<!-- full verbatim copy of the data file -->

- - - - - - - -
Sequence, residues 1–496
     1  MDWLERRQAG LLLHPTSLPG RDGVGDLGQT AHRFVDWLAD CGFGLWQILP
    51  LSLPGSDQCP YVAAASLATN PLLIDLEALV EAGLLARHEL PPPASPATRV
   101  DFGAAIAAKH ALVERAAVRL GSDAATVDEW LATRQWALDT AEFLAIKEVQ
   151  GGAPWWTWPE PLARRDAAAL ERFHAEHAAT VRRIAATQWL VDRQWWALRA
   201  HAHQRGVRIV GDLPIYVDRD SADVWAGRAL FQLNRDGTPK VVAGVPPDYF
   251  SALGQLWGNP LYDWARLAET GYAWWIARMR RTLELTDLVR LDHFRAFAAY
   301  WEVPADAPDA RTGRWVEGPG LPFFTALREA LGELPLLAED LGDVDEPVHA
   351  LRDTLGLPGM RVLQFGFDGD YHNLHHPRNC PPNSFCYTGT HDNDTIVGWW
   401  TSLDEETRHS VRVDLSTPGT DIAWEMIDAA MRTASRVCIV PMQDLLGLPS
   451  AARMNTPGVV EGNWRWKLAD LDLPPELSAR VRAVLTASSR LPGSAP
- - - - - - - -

Sequence, residues 1–496
     1  MDWLERRQAG LLLHPTSLPG RDGVGDLGQT AHRFVDWLAD CGFGLWQILP
    51  LSLPGSDQCP YVAAASLATN PLLIDLEALV EAGLLARHEL PPPASPATRV
   101  DFGAAIAAKH ALVERAAVRL GSDAATVDEW LATRQWALDT AEFLAIKEVQ
   151  GGAPWWTWPE PLARRDAAAL ERFHAEHAAT VRRIAATQWL VDRQWWALRA
   201  HAHQRGVRIV GDLPIYVDRD SADVWAGRAL FQLNRDGTPK VVAGVPPDYF
   251  SALGQLWGNP LYDWARLAET GYAWWIARMR RTLELTDLVR LDHFRAFAAY
   301  WEVPADAPDA RTGRWVEGPG LPFFTALREA LGELPLLAED LGDVDEPVHA
   351  LRDTLGLPGM RVLQFGFDGD YHNLHHPRNC PPNSFCYTGT HDNDTIVGWW
   401  TSLDEETRHS VRVDLSTPGT DIAWEMIDAA MRTASRVCIV PMQDLLGLPS
   451  AARMNTPGVV EGNWRWKLAD LDLPPELSAR VRAVLTASSR LPGSAP